Governor wants more disabled workers

KIMT News 3 – Before the turn of the century, more than ten percent of Minnesota’s workforce was made up of people with disabilities. Now, it is barely three percent.

Governor Mark Dayton issued an Executive Order directing state agencies to increase employment of people facing challenges with disabilities.

That has local organizations excited.

“Increasing employment for people with disabilities is good for them, and it’s good for all of us. It gives them a chance to increase their skills, to show the skills that they do have,” said Jo Lowe, Director of Programs at the Arc of Freeborn County.

Lowe and the rest of the staff at Arc work with the future workforce every day. They say one of the skills they have is; pride.

“They’re compassionate about what they do. They want to improve themselves, they want to give back, and just like the rest of us, they want to learn and grow. To have that power to know that you earned a wage, and you helped yourself,” Lowe said.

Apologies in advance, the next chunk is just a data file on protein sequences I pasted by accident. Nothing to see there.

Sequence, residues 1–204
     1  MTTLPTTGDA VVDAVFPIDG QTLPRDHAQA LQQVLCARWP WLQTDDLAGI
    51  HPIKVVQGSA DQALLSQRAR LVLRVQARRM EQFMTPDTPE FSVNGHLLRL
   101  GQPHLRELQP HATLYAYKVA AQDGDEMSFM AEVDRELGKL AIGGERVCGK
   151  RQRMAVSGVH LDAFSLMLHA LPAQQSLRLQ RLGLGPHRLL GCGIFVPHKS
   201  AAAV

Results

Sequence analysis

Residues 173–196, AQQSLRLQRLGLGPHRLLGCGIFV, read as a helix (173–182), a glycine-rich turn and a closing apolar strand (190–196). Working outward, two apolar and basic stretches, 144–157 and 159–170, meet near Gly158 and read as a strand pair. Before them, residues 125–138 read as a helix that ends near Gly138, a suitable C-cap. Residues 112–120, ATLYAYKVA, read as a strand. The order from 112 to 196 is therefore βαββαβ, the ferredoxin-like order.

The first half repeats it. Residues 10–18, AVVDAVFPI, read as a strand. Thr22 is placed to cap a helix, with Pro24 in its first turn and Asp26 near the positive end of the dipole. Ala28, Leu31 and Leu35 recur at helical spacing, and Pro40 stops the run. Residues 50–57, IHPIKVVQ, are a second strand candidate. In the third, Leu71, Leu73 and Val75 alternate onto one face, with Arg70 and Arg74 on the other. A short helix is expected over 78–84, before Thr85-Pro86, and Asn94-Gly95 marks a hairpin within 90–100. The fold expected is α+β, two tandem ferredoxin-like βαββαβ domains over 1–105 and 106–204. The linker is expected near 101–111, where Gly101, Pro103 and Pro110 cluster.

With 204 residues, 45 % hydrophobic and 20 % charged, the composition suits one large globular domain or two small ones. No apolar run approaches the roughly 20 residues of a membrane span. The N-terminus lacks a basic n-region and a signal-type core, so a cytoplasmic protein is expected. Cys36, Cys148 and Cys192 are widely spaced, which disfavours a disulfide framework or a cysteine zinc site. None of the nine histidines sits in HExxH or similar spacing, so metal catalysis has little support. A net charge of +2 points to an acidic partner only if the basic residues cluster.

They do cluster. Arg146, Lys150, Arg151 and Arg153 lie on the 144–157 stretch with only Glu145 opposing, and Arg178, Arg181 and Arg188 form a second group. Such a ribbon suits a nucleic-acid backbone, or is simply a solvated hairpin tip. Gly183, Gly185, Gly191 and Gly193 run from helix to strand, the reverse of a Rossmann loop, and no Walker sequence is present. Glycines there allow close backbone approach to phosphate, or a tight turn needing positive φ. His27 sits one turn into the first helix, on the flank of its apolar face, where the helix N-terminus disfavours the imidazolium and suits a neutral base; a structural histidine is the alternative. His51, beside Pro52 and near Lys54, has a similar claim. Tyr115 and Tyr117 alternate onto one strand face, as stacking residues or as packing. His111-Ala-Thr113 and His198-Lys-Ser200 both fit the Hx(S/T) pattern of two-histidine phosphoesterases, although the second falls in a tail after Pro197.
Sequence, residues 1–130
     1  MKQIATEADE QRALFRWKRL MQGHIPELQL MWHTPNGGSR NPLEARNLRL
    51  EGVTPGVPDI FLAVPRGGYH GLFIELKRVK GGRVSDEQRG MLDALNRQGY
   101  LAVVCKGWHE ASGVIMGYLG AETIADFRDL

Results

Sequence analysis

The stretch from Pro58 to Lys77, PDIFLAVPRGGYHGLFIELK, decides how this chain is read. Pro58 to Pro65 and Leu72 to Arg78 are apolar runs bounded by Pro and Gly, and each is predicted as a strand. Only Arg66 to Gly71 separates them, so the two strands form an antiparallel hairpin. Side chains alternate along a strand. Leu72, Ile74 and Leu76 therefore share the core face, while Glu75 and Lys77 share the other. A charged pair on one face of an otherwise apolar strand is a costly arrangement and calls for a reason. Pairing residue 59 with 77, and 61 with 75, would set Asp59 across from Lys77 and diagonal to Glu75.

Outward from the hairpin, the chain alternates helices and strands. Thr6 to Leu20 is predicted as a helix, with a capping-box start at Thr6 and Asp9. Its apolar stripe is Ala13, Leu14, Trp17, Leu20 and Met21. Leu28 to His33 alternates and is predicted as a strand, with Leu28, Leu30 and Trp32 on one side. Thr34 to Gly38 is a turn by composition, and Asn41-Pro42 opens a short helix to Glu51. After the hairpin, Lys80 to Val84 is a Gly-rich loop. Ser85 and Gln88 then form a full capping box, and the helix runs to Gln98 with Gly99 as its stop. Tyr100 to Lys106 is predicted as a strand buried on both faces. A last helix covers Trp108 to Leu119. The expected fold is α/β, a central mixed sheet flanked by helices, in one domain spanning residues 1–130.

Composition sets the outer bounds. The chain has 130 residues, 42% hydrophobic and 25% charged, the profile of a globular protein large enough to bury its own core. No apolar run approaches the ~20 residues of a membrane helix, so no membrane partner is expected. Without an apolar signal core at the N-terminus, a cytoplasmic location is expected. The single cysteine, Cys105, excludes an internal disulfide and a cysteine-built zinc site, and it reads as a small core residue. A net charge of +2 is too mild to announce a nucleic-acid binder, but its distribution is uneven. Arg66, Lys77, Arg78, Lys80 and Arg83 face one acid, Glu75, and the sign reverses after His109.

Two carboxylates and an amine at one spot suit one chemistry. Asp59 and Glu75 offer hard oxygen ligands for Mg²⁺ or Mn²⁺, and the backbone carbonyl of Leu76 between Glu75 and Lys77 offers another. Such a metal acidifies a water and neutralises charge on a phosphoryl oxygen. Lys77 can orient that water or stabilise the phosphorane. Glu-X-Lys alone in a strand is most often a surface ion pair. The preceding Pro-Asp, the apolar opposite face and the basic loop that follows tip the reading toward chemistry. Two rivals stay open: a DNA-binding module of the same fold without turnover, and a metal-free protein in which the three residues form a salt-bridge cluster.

The local organizations that work with the disabled, say getting them to work is not the problem. The problem is getting them to take a day off.

“They love coming to work. They don’t want to miss a day of work. Usually, they have vacation time accrued, and we tell them, you need to take some days off, and they say no, we can’t take days off. That’s just a real positive,” said Jerianne Hendricks, Program Manager at the Owatonna Cedar Valley Services (CVS).

The problem for the disabled in the workforce; is the economy.

CVS Owatonna Division Director, Dave Williams said as the economic downturn took place, a lack of jobs for the disabled came with it.

“During the depths of the recession, 2009, 10, and 11, holy smokes, it was pretty dismal trying to find work for people. We’re seeing a real turnaround at this time,” Williams said.

The local organizations say that is great news for our area.

“It’s a chance to have more inclusion in our community, to learn from each other and for those with disabilities to earn a living wage, like their peers without disabilities,” Lowe said.

Those with CVS say they have seen a big increase in job opportunities the last several months, specifically the ability to secure full-time work instead of part time.

They say the governor’s decision should only help.

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